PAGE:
Iturbe presents many characters who either suffer from tortured relationships or they torture themselves through anxiety and fear of what the future holds.  The author has a nose for detail and the sensibilities of his characters. Each character has their own way of coping.  For Dita, the protagonist it is being a librarian for the inmates and the danger that is part of her existence.  Dita treats her library which consists of eight paper books and six living books as if she is a doctor, perhaps a surgeon as each time a book needs repair, she stitches them back to life. For Rudi Rosenberg, who is the camp registrar, exposing him to the numbers associated with death he begins a relationship with Alice Munk, a young desperate Jewess.  Then there is Victor Pestek, a member of the SS, who develops a friendship with Renee Neumann.  For Fredy Hirsch it is to allow the children to focus on something other than their situation, for him when a child smiles it was an act of defiance.  For Ota Kelle, it was to teach children about Palestine and the future.  For Liesl Adler, Dita’s mother she must deal with the void that the the death of her husband has caused, and poor Professor Morgenstern, it was to act like a fool. As Iturbe develops these characters he integrates a historically accurate picture of what transpired in Terezin and Auschwitz, and brings along important historical figures like Mengele, Adolph Eichmann, Johann Schwarzhuber, Elisabeth Volkenrath, and Rudolf Hoss.  The language and behavior of the Kapos and SS, the description of the clothing and work of the inmates, the Wagnerian music in the background are all true to history.

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(Ota B. Kraus)

For Dita to survive, Iturbe describes her relationship with books that she treats as if they were sacred texts. She immerses herself into H.G. Wells’ A SHORT HISTORY OF THE WORLD, Thomas Mann’s THE MAGIC MOUNTAIN, Alexandre Dumas’ THE COUNT OF MONTE CRISTO, and Jaroslav Hasek’s THE ADVENTURES OF GOOD SOLDIER SVEJK in order to understand the world in which she lives, and as a means of surviving each day.  As Dita communes with the book’s characters she questions many things including who she can trust in a world where rumors and lies dominate.  One of the survival  tools that Dita develops is creating a photo album in her head, something the Nazis could not take away from her as they worked to deprive children of their childhoods.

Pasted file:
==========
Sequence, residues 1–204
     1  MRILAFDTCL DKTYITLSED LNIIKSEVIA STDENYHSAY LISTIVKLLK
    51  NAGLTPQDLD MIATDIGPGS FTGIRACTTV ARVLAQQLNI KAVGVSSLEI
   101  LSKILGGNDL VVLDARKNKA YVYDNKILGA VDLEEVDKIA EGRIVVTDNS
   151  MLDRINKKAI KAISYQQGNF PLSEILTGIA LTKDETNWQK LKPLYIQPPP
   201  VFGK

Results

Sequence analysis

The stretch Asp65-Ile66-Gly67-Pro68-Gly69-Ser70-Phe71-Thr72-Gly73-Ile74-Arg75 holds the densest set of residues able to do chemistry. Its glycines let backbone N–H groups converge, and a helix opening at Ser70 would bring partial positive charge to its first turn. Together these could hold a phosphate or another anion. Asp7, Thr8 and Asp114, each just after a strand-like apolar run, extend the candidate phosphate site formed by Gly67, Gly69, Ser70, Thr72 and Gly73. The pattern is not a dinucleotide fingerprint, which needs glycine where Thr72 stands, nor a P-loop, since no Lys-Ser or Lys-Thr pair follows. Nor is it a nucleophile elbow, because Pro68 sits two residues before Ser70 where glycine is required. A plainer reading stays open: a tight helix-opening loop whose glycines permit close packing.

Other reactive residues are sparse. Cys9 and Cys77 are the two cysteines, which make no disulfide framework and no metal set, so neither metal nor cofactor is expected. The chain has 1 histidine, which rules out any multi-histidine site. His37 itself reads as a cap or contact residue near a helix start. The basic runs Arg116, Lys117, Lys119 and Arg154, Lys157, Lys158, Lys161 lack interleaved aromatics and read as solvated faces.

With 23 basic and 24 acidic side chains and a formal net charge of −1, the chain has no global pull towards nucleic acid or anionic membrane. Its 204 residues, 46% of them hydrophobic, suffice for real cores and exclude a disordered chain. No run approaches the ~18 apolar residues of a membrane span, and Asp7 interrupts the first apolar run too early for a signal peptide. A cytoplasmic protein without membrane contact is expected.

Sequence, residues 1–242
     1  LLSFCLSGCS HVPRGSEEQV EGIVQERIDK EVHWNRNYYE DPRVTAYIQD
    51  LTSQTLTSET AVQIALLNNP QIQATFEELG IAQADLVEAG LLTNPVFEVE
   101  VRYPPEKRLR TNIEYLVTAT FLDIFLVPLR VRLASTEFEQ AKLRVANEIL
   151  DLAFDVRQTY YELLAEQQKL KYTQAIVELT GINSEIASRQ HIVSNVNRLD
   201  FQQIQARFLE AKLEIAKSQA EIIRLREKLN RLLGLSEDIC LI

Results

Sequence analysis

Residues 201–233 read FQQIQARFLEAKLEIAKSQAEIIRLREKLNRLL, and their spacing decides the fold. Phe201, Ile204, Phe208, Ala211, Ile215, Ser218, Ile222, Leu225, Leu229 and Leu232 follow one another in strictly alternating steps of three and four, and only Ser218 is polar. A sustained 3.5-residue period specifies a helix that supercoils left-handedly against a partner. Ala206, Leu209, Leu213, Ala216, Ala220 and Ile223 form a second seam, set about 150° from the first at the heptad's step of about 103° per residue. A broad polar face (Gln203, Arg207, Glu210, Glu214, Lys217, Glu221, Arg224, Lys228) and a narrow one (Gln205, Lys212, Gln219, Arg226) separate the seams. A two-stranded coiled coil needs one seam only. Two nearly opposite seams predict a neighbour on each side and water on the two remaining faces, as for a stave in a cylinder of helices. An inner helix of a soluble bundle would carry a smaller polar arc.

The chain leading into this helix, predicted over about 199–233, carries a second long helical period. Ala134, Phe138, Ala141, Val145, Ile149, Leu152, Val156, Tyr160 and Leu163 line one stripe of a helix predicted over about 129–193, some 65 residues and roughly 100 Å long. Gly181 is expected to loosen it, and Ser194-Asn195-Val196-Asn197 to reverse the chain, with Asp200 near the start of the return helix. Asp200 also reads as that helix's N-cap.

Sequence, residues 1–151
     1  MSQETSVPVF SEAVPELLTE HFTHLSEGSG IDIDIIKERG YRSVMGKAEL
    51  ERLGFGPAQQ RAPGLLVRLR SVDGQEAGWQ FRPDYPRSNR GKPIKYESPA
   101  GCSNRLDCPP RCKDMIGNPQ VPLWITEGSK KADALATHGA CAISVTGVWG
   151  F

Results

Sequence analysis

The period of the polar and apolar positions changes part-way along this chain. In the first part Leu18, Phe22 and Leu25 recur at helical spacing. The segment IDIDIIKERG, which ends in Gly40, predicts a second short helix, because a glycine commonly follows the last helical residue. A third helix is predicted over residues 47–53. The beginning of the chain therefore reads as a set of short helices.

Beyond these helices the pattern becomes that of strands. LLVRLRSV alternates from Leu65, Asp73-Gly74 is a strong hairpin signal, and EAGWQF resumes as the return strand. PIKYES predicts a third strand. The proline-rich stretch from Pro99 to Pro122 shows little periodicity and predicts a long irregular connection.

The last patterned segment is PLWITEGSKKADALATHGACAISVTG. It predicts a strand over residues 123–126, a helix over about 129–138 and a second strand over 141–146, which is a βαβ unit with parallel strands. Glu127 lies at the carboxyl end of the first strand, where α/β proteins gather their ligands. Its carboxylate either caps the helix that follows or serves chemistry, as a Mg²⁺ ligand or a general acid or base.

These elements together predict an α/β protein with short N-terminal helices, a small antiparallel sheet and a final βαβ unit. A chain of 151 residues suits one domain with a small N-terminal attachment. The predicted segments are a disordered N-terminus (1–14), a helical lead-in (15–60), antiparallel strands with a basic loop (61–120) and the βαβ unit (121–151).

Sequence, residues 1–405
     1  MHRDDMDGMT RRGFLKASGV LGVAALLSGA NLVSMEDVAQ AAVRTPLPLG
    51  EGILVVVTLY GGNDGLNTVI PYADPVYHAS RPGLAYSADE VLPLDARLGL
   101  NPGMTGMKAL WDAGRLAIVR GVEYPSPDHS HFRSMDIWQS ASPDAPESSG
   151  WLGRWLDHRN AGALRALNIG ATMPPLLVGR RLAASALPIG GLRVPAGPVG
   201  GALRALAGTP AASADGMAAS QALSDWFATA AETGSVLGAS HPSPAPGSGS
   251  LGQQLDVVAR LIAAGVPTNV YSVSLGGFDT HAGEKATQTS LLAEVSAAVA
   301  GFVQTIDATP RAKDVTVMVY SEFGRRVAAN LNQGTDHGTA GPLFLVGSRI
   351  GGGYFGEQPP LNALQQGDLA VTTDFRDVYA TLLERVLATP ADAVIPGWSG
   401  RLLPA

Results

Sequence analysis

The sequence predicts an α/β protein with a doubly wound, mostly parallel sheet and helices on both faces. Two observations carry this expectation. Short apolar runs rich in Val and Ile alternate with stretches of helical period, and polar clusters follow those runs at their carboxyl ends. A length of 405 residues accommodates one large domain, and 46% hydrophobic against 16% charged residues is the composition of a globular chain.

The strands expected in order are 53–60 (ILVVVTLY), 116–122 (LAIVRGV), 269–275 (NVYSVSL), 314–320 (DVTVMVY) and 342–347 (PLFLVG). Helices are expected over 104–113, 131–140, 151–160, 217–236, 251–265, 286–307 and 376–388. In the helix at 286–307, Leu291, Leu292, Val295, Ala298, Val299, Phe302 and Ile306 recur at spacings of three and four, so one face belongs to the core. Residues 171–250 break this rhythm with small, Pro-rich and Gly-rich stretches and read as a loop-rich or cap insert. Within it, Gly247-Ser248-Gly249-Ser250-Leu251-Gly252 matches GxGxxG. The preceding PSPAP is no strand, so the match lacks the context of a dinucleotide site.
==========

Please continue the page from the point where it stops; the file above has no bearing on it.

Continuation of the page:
Aside from telling Dita’s story Iturbe engages in several philosophical aspects of life and survival, particularly in a concentration camp.  The human capacity and spirit for overcoming all obstacles emerges as does the importance of books in our everyday lives.  The book’s audience should be wide, and I encourage all to invest the time to experience it.

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(The gate to Auschwitz)

MARY QUEEN OF SCOTS by Stefan Zweig

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(Mary Queen of Scots)

The other day I went to see the film, Mary Queen of Scots  and as I do with most historical films, I wondered how historically accurate it was.  I vaguely recalled the biography of the Scottish Queen written over forty years ago by Antonia Fraser and it seemed there was a great deal of artistic license employed.  Since the most recent biography of Mary was written by John Guy it seemed like the best choice to read, however the film was based on that monograph. I decided to read an older classic account of the Queen written by Stefan Zweig in 1935 which has withstood the test of time.

Zweig, a prolific short story writer has written several biographies of major historical and literary figures that made him one of the most popular European writers in the 1920s and 30s.  Zweig delivers  a solid biography that encompasses her life begun during the time of Henry VIII who tried to pressure Mary’s father, James V to reject Catholicism and accept Protestantism.  James V would die six days after Mary’s birth (though Zweig seems to say they died on the same day), resulting in the ascension of Mary to the Scottish throne at birth.